Wednesday, April 30, 2008

SpringSource's Application Server

A friend sent me the press-release detailing the release of the Spring Source application platform and asked me what I thought.

I had to try hard to come up with something. Truth is, I care a little bit but not a lot. To me this is a VC driven move. Spring is a natural consultancy, being a development framework, but they have been struggling with their sales in the runtime. So voila, we now have a box drawn around an OSGi kernel, the Spring framework and Hibernate/Tomcat, and it has a name: it's an application server. It is the same thing you had yesterday for free, except it is now under the GPL and a proprietary subscription license.

I laugh. SpringSource is trying to monetize its ISV user base. Good for them! I predict this flat-footed license change will have little traction with the ISV community. Why? because getting the ISVs to pay will take more than branding around previously BSD licensed software. Exactly what does an OSGi kernel bring on top of Tomcat? Nothing. What does this bring you if you ALREADY ship Spring and Hibernate/Tomcat (from JBoss?) nothing. If you want runtime support of Hibernate/Tomcat, go to those who write it: Red Hat. Spring in a desperate attempt to monetize a runtime has become a leech off of the development efforts of JBoss/RHT.

Finally I am fuzzy on how this impacts their relationship with other app-servers. They are not neutral anymore. Unhappy with their position as "just" a development framework, albeit a popular one, they want to compete with the big boys in runtime, the SUN, IBM, JBoss and Oracle. But from a runtime standpoint, this is tomcat with a module loader on top. For those that use Tomcat+Spring, they gain nothing, for those that use app-server + Spring this is irrelevant noise. They are supposed to do what? throw their legacy appservers and replace it with ... nothing? Rod Johnson stopped making sense...

Here is a message to Rod: You have been listening to your VC too much. Peter Fenton is a good guy but he has no imagination, he is just applying what he saw done by others at JBoss. He is just trying to turn you into JBoss. You should know better than that: Spring is not JBoss. Trying to become JBoss, you are going counter-nature and your latest PR sounds like a fart out of your VC's ass.

Look guys, the application server wars were fought and over by 2005. We are in 2008 with POJO programming everywhere, lite programming models in EE. You are just trying to make a buck out of what you and RHT (Hibernate/Tomcat) give away for free. I don't know why your user community would care. What's new, this is so transparent it's boring.

3 comments:

Anonymous said...

From TSS the Bullshit starts flowing.

Re: Why GPLV3 ?
Posted by: Adrian Colyer on April 30, 2008 in response to Message #251558

Creating an application platform that makes the benefits of OSGi available to end users was a huge investment for us. There's a *lot* of technical innovation under the hood which won't be immediately apparent but which enables us to make a generational leap. If we're giving that technology away in open source, we wanted others who build on it to also give away the results in open source.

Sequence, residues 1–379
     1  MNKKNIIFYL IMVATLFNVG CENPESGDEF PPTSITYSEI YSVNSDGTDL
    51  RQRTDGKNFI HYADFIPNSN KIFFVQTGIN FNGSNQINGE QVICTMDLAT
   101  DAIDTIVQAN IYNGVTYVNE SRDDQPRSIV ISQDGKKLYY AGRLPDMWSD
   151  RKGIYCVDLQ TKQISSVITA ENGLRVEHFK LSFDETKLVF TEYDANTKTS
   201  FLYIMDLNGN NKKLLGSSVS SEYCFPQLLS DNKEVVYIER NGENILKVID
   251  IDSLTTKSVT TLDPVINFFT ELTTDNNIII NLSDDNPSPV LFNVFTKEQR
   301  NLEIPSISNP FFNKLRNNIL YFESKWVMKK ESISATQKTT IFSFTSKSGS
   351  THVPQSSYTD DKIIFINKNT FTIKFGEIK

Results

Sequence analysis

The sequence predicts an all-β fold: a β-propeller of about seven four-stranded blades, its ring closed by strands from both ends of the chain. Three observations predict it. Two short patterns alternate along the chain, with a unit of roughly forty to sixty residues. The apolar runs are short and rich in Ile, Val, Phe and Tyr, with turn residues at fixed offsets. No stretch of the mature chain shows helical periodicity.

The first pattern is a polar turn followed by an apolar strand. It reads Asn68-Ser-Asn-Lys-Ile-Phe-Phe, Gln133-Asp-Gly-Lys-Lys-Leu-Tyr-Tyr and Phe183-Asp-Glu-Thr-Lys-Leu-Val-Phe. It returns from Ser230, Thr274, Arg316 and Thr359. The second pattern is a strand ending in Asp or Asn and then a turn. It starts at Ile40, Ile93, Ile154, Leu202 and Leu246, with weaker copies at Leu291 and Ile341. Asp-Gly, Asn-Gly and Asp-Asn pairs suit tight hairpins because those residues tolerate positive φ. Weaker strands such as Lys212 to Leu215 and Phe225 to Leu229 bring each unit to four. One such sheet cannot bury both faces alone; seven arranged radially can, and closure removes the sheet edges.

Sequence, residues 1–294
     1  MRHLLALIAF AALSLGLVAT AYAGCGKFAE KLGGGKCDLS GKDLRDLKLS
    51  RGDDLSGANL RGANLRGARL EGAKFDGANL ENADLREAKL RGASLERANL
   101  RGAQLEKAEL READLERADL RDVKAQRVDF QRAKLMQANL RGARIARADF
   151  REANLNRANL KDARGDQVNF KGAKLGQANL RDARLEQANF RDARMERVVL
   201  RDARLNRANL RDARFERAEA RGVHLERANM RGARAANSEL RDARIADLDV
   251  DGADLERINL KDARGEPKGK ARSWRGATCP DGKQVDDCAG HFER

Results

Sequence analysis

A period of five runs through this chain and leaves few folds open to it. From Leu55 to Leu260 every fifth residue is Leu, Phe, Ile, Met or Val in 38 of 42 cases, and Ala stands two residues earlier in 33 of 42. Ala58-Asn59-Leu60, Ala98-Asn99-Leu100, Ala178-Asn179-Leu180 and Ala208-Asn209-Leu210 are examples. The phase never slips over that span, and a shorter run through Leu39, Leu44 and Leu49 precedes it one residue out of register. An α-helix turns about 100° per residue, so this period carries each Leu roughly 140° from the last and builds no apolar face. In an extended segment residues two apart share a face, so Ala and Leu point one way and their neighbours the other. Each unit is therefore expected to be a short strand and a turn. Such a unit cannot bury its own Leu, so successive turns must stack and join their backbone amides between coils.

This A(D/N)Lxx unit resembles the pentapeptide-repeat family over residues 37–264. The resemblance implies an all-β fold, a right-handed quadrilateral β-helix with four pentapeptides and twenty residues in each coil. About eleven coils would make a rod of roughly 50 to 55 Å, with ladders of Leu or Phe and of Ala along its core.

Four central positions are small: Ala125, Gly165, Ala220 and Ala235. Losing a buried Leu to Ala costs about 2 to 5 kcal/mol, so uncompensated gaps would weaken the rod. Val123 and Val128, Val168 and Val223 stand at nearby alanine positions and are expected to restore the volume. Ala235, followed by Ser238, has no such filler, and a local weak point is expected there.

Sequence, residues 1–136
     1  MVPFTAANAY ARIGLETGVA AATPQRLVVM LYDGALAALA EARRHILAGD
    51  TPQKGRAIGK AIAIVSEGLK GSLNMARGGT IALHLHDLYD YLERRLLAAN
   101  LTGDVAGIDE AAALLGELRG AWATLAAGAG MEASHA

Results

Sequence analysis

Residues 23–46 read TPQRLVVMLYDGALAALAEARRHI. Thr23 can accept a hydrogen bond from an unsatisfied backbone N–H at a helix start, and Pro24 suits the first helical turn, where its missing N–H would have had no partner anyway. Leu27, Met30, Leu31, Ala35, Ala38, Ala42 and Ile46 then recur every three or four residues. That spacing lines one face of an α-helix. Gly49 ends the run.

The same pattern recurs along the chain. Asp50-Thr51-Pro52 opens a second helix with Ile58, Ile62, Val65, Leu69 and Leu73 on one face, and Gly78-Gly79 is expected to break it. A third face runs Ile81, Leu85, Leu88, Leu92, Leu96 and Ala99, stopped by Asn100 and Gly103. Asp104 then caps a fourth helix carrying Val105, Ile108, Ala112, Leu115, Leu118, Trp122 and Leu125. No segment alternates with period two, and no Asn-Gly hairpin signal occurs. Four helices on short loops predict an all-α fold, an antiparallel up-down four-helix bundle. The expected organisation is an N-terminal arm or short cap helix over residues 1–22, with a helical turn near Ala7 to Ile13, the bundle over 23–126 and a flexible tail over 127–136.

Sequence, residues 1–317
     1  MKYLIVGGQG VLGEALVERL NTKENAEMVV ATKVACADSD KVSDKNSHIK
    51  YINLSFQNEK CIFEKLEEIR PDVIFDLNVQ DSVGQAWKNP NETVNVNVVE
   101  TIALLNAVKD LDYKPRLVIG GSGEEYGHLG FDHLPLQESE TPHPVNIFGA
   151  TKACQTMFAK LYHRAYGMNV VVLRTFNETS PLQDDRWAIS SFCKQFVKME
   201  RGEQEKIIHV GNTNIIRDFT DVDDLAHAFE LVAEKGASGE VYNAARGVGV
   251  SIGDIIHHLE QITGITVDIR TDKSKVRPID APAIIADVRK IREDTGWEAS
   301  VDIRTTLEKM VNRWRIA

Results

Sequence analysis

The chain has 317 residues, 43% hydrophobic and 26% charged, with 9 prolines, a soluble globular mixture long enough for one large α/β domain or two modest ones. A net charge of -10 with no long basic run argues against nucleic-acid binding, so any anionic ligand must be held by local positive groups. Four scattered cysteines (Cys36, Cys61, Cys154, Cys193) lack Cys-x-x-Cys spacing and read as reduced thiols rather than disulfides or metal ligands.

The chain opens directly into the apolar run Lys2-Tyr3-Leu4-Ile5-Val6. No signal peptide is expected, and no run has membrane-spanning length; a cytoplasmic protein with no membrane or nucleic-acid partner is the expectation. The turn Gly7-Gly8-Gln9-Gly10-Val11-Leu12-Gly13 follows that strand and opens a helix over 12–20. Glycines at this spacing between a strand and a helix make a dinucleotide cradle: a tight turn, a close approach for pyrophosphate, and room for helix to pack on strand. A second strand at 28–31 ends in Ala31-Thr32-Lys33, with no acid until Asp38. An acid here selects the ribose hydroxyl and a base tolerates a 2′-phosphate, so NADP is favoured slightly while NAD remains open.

Re: Why GPLV3 ?
Posted by: Rod Johnson on April 30, 2008 in response to Message #251558

Creating an application platform that makes the benefits of OSGi available to end users was a huge investment for us. There's a lot of technical innovation under the hood which won't be immediately apparent but which enables us to make a generational leap. If we're giving that technology away in open source, we wanted others who build on it to also give away the results in open source.

GPL guarantees end users that the software contributes to maximizing the amount of open source available, without imposing any onerous obligations on them. GPL would prevent a commercial vendor building a closed product around the SpringSource Application Platform without giving back to the community. I think that's perfectly reasonable.

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Rod and Adrian are cut and pasting canned PR responses that are bullshit. At least Rod acknowledges that it is targeted at ISVs. You are right this is funny.

Marcf said...

Yeah, the license makes it better you know? Where have I heard this before? Oh wait a minute, CDN, remember them? They split from JBoss and went from LGPL to ASL. Spring seems to be doing the reverse: from ASL/BSD to GPL.

BTW if you want an OSGi kernel check out JBoss MC under LGPL.

sarbogast said...

Marc, it's so sad to see you so soured that you don't even realize the irrelevance of some of your words.

Of course it offers so much more than JBoss' OSGi kernel, it provides tools and facilities to expose the power of OSGi to us application developers! What does it bring more than Tomcat and Spring? Extensibility! Modularity! Real service oriented architecture! Everything that we've been fighting with for years with EJBs and WAR development.

Now about the license problem, honnestly I don't care, as long as there is an Open Source version, they can just monetize the way they want.

Hopefully, it will be the end of big monolithic application servers like JBoss and others. That's what I see there.